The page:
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PROFILE: Good Neighbors, good work in the Glenville community

The first class of Good Neighbor Ambassadors (l to r): Brandon Hogan, Galen Adams, Anthony Body, Donnell Green, Dareus Hiley, Ciera Campbell, Tyronn Dunn, and Sircharles Williams

The goal of the Good Neighbor Outreach program is to connect the District with the communities it serves, and our Good Neighbor Ambassadors act as liaisons between the District, various community and business organizations, and the general public.

Made up of seven Ambassadors and Supervisor Anthony Body, the Good Neighbor team’s current focus is the Glenville neighborhood for the duration of Dugway Storage Tunnel construction as part of Project Clean Lake.

The Ambassadors keep Glenville residents up-to-date on what is happening in their neighborhood, distributing informational materials, answering questions, and addressing concerns about the District’s construction projects.

The Ambassadors also perform clean-up and maintenance work near the job site, and participate in various District initiatives, including educational and professional-development opportunities, relationship-building, and community engagement.

In addition, the program prepares its Ambassadors for full-time employment. Each week, with the help of Cuyahoga Community College and The Cleveland Foundation, the Ambassadors receive career-development training on such topics as resume writing and personal finance skills.

Anthony Body

Supervisor Anthony Body knows he has a lot of responsibility. “You have to lead by example,” he said. “I do the same things all of the other Ambassadors do and I try to guide them in the right direction.”

With a background that includes non-profit work at the Famicos Foundation and Organizing for Action, Body felt like he belonged in this role. “The Good Neighbor program already fit the work I was doing, but gave me a greater reach,” he said. “We can be the voice of the District and agents of change at the same time.”

Body believes that other companies could benefit from having a Good Neighbor program. “I would like to see other institutions become more engaged with the community,” he said. He also has a passion for helping young people. “So many times, the youth get pushed to the side,” he said. “They need our attention because they are our future.”

Galen Adams

With a background as a camp counselor and dietary clerk, Galen Adams is familiar with community involvement. “Our job includes community beautification, outreach, and bringing people information,” Adams said. “When our job is done, I want to be able to say that this Good Neighbor program was a big success.”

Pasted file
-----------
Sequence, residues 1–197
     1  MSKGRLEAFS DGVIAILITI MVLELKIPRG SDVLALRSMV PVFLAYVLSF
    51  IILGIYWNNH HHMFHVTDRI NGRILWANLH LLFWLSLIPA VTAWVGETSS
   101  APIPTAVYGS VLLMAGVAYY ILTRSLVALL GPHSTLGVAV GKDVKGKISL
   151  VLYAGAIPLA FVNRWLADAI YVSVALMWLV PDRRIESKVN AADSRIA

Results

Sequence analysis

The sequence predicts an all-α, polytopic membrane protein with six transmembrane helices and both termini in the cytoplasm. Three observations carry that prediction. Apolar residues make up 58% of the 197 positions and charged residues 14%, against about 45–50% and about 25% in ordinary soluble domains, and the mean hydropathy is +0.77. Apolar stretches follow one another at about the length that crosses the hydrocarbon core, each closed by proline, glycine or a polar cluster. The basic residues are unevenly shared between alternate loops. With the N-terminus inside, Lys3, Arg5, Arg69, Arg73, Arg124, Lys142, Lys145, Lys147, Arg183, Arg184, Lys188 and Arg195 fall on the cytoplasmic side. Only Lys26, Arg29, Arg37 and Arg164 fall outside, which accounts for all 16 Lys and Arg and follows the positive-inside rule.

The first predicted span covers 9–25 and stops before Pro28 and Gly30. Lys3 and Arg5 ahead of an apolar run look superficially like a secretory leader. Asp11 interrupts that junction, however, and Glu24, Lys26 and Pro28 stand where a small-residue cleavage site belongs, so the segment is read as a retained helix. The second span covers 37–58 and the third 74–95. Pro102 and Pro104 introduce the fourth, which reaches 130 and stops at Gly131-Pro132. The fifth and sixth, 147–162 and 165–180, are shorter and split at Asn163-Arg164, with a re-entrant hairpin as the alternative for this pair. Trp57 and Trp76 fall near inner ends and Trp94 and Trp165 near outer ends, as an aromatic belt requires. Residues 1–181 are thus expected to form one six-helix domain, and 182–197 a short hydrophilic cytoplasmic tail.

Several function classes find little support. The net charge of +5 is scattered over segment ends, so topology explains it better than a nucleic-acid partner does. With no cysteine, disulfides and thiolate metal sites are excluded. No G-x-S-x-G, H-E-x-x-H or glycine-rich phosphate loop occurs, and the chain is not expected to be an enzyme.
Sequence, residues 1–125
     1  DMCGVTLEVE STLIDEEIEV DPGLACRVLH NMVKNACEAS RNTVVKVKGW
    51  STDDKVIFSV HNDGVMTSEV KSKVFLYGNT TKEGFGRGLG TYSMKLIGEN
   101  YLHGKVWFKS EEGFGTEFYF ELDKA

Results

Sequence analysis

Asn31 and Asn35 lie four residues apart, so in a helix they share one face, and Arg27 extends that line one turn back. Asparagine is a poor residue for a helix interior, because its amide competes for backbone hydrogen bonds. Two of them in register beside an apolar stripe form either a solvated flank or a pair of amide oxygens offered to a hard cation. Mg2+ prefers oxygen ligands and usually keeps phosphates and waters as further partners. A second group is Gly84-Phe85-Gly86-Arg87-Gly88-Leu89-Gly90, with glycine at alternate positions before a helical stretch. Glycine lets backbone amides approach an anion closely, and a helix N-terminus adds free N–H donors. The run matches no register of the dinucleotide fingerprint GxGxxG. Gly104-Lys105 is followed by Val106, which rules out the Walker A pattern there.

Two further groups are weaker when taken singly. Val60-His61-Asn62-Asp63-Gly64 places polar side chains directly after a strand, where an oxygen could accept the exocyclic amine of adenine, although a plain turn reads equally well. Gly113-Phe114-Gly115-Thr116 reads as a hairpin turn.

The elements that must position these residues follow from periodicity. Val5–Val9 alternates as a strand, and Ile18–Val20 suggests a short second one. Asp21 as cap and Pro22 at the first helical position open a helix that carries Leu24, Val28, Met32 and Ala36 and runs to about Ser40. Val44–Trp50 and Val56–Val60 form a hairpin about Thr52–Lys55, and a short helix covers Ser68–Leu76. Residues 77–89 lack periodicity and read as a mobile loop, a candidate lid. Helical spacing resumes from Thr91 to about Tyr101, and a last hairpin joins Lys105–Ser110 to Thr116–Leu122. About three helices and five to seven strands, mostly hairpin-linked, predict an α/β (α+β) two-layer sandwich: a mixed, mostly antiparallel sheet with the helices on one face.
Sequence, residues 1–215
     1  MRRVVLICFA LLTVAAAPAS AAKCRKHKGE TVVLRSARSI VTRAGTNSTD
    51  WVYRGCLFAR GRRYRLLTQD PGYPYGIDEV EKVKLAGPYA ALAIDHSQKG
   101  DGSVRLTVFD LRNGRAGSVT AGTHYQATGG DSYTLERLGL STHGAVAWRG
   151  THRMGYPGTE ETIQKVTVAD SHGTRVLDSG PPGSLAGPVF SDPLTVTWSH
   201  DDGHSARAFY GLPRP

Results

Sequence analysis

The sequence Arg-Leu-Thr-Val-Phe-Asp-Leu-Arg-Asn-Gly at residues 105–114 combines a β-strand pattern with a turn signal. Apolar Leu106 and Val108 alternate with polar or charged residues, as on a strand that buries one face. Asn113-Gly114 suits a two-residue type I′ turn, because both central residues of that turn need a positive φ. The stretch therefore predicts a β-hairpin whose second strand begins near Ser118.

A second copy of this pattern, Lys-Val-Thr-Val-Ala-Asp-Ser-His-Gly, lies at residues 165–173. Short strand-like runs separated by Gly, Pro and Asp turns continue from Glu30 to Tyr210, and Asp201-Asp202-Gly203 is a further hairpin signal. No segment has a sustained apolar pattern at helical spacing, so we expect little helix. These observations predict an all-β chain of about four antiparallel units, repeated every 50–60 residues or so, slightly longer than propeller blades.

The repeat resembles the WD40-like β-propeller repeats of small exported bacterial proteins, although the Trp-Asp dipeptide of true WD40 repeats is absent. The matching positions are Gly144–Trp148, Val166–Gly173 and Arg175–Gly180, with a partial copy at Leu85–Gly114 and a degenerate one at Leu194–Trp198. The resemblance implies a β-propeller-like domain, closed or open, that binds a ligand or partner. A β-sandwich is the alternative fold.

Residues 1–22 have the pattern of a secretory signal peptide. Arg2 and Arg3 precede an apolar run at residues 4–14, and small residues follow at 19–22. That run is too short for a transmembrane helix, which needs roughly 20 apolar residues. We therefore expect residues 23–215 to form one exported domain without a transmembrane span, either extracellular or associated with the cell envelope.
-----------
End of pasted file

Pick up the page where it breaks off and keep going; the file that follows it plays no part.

Adams is already considering his next career steps. “Hopefully I can land a career in Information Technology or Maintenance,” he said. Of the seven Ambassadors hired into the program earlier this year, five of them have already secured full-time employment. 

Brandon Hogan was enthusiastic when introduced to the Good Neighbor program, and after his interview, he knew he wanted to be a part of the District’s work. “I’ve never been in an interview process like that,” Hogan said. “The District made it clear that they wanted to help us further our careers.”

Hogan especially likes the Workforce and Economic Development class the Ambassadors are enrolled in at Tri-C. Eventually, he sees himself working in the District’s Operations & Maintenance department, or pursuing an Engineering degree.

Sircharles Williams recognizes the importance of the Good Neighbor program to his community—and to his own career. “We’re the eyes and ears of the community, and the program is our launch pad to future success,” he said.

“To become a professional, you have to develop a career mindset,” Williams added. “I want to utilize my knowledge to the best of my abilities, to become an asset.” In order to do that, he says, “you need education and a determined work ethic, and you have to love what you do.”

Williams is the first Ambassador to find full-time employment through the Good Neighbor program. He recently transferred to Southerly, where he works as a Storekeeper.

—By Salvatore Mannarino. Sal studies Communications at Kent State University.

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